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T-Mobile Northeast, L.L.C. v. Zoning Board of Adjustment of the Borough of New Milford

A-3068-09T3 (N.J. Super. App. Div. 2011) (Unpublished)

ZONING; TELECOMMUNICATIONS — Under law, a zoning board is obligated to engage in a balancing of the positive and negative effects of a telecommunications facility and if the only basis for the rejection of an application is that the telecommunications company had not used the most effective means of camouflage for its facility, that decision will be overturned as arbitrary, capricious and unreasonable.

A wireless communications company filed a zoning board application for preliminary and final site plan approval and for certain variances required for the construction of a 90 foot monopole and related equipment. The company claimed these were necessary to address a significant coverage gap in the wireless telecommunications system within the municipality. The board conducted several public hearings on the application, and then voted to deny the application.

In its resolution, the board said the company had only considered two camouflage options for the pole and this limited analysis of alternative means of camouflage was insufficient to prevent a substantial impairment of the zone plan and zoning ordinance. The company sued, challenging the board’s decision. The lower court found the board’s action to be arbitrary, capricious, and unreasonable. It said the company had satisfied the positive criteria to obtain a use variance to permit the pole in the location desired, and that the positive criteria far outweighed the negative criteria. The lower court also said the variance denial was unwarranted when the only stated basis was that the company had not used the most effective means of camouflage for its facility. Thus, it reversed the board’s decision, granted the variances and site plan approval, and allowed the development to proceed upon the issuance of appropriate construction permits.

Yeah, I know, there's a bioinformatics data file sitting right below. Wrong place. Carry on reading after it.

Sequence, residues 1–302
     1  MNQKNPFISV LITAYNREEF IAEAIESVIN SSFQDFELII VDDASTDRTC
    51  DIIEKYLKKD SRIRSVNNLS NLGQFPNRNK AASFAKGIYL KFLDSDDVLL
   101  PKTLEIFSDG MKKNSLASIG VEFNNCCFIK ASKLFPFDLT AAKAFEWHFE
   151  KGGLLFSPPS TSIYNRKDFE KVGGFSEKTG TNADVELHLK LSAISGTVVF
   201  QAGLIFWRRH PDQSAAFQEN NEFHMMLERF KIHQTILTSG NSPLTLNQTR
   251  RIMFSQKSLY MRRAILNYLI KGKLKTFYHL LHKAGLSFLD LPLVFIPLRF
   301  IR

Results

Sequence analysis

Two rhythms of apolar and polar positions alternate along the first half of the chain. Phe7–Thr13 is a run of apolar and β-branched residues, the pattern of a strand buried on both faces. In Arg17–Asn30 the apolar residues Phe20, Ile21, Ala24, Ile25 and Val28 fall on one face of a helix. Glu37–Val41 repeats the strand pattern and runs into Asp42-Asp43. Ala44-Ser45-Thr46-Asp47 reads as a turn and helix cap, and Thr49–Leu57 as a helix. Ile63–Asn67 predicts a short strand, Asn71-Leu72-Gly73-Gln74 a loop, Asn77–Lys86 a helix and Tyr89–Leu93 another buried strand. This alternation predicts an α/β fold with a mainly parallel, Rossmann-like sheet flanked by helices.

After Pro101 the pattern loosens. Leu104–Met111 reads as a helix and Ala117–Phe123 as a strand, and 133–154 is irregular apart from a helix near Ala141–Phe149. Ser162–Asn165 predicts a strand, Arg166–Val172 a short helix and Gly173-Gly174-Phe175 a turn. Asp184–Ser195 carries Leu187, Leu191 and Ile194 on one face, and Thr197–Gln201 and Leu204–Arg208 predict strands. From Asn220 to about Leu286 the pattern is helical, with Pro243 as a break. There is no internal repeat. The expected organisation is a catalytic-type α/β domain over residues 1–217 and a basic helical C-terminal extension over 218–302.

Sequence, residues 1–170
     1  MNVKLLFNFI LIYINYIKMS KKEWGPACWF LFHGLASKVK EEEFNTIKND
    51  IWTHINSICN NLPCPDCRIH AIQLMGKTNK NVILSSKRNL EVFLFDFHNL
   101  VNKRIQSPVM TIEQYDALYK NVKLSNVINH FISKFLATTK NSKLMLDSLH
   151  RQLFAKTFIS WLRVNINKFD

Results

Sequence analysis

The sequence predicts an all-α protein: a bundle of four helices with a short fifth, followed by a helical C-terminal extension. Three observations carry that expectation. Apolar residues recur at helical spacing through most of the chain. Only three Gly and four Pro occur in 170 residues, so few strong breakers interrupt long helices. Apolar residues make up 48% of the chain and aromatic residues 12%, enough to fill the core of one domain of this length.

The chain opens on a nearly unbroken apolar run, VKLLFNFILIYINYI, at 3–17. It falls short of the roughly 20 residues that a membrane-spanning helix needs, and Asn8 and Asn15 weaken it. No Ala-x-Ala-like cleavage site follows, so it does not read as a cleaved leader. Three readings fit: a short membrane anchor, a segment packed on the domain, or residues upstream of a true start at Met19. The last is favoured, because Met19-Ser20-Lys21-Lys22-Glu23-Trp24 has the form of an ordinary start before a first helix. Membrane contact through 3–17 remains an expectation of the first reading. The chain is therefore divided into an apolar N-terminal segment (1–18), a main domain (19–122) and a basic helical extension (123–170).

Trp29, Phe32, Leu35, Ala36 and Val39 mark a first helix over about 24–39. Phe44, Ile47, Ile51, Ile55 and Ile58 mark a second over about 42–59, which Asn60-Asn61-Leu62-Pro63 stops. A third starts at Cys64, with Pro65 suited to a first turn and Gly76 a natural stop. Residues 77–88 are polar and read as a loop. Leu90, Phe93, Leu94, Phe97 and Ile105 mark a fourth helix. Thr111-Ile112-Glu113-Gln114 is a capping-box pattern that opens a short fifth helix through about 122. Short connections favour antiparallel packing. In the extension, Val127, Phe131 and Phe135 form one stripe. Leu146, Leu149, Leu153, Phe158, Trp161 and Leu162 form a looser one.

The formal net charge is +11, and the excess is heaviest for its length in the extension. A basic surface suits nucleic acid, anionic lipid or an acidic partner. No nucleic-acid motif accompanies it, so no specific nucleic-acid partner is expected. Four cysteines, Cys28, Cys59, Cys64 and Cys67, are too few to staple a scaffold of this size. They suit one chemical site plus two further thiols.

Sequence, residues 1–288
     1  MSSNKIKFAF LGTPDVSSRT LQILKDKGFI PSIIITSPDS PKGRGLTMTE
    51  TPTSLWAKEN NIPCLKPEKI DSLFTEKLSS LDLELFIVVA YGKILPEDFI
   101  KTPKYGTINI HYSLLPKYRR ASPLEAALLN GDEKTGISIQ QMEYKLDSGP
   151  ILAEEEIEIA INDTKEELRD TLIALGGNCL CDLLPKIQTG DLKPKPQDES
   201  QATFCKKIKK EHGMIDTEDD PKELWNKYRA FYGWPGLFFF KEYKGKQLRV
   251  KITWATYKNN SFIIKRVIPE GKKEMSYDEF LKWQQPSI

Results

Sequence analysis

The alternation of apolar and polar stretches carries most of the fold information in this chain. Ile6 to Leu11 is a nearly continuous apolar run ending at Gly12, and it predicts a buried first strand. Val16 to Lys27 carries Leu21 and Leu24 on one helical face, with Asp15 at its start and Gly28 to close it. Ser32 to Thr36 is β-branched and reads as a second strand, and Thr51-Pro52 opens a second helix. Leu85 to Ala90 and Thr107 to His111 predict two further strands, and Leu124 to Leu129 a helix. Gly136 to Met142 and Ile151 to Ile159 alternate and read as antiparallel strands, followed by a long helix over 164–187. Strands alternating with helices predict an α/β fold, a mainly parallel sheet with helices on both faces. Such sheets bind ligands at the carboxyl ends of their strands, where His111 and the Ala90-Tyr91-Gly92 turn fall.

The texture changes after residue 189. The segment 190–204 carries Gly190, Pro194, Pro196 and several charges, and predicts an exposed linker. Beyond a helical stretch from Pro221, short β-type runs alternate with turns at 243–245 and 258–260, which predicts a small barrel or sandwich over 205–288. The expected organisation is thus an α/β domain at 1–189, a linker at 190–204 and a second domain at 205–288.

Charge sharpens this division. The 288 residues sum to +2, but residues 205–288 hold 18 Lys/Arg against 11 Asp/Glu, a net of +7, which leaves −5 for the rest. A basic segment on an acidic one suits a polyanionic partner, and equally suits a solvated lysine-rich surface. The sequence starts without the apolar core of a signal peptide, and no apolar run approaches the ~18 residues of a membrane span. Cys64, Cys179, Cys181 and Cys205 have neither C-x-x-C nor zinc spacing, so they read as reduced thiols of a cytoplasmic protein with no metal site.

The board appealed, but the Appellate Division affirmed the lower court’s ruling, finding the company had presented sufficient evidence to show the proposed site was particularly suitable. It held that the board failed to balance this positive effect with the asserted negative criteria – i.e., the facility would have an adverse visual impact for which the company failed to consider the best means of camouflage. The Court said, under law, the board was obligated to engage in a balancing of the positive and negative effects of the facility. Therefore, it found the lower court was correct in holding the board’s decision to deny the company’s application as arbitrary, capricious, and unreasonable.


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